A few days after the United States Senate confirmed the appointment of an avowed enemy of public education–Betsy DeVos–to be the nation’s education secretary, advocates of public education held a conference in New Brunswick to search for some reason for hope. The meeting’s organizers, including members and staff of such pro-public education groups as the Education Law Center and Save Our Schools, depicted the election later this year of a new governor to replace Chris Christie as an opportunity–as, indeed, it is.
Christie, after all, shares DeVos’s views of a privately operated but publicly funded system of education and was one of a handful of governors to endorse her appointment by President Donald Trump. He called her choice “inspired.”
What was not inspirational, however, was the response of the New Jersey advocates–good, right-thinking people all, with whom I have little argument. Except one–why can’t they be as aggressive in promoting a system of free, inclusive, integrated, fully-funded independent public schools as Trump is in destroying it?
The title of the conference was “New Jersey Education Policy Agenda for the Next Gubernatorial Administration.” I could not stay for afternoon sessions on testing and training, but I did listen to discussions of school funding, charters, governance, and accountability. I was disheartened by what I heard.
Part of the problem is that, among this group of advocates–and others, including the New Jersey Education Association (NJEA), the state’s largest teachers’ union–Phil Murphy is the heir apparent for what passes for progressivism in New Jersey politics. Yet Murphy–like Jon Corzine, a Goldman-Sachs alumnus–has said virtually nothing about public education and his message is as inspiring and thought-provoking as a lecture on lawn mowing.
Trump and DeVos want to turn public education upside down and shake out all the money from its pockets so it can flow to corporate managers. We know that. What will Murphy do? What do these advocates want done?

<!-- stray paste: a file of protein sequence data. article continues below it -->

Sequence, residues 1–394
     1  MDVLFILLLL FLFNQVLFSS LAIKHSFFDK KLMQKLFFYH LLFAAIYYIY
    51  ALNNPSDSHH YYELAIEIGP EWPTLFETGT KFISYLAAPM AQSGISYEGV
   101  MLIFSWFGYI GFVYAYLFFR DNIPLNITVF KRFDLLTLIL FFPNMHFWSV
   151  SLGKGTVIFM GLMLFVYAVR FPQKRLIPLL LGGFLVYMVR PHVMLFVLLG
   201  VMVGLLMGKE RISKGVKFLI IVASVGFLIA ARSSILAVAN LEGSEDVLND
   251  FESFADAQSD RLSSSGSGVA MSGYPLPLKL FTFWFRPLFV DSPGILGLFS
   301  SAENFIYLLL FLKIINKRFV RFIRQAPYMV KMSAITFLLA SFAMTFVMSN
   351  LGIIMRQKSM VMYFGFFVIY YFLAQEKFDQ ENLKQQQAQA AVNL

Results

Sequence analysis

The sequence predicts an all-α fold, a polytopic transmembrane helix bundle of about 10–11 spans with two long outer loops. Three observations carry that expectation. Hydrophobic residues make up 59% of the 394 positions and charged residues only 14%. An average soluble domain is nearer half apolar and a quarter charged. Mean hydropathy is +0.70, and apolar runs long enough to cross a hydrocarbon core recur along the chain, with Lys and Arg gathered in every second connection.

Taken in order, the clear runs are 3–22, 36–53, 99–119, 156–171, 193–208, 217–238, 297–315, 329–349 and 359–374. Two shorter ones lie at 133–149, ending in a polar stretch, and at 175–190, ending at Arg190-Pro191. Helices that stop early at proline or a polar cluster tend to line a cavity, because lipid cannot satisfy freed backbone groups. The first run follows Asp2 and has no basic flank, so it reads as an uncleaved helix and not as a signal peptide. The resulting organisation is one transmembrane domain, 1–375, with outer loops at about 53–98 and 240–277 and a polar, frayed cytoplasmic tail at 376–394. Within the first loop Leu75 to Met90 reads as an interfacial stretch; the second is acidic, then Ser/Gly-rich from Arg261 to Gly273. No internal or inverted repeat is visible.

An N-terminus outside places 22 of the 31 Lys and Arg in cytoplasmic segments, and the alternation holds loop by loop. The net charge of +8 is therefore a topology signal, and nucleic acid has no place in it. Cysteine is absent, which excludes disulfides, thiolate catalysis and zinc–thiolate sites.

It’s not as if the problems aren’t known. Bruce Baker, the Rutgers professor who is probably the smartest and most cutting critic of state educational policy, warned both about the regressive nature of school funding under Christie–and the growing acceptance of the segregating effects of charter schools, privately-operated, public-funded schools that help frightened parents run away from public schools.
“We’ve lost momentum on the idea that pubic schools should be inclusive,” he said. “They”–the critics of public schools–“are making the opposite argument and they are winning.”
In short, the fundamental idea that public schools are and should be engines of equality and diversity is losing support.
And how will it be restored? Baker and others–including Theresa Luhm of the Education Law Center (ELC)–were not hopeful. No, it’s not that they were pessimistic–they were all hopeful the last eight years of Christie’s contempt for public education could be reversed. But they also warned that any effort to rewrite school funding laws were inherently dangerous because they invited political interference in the pursuit of true equity. Better to leave well enough alone and tinker with the edges.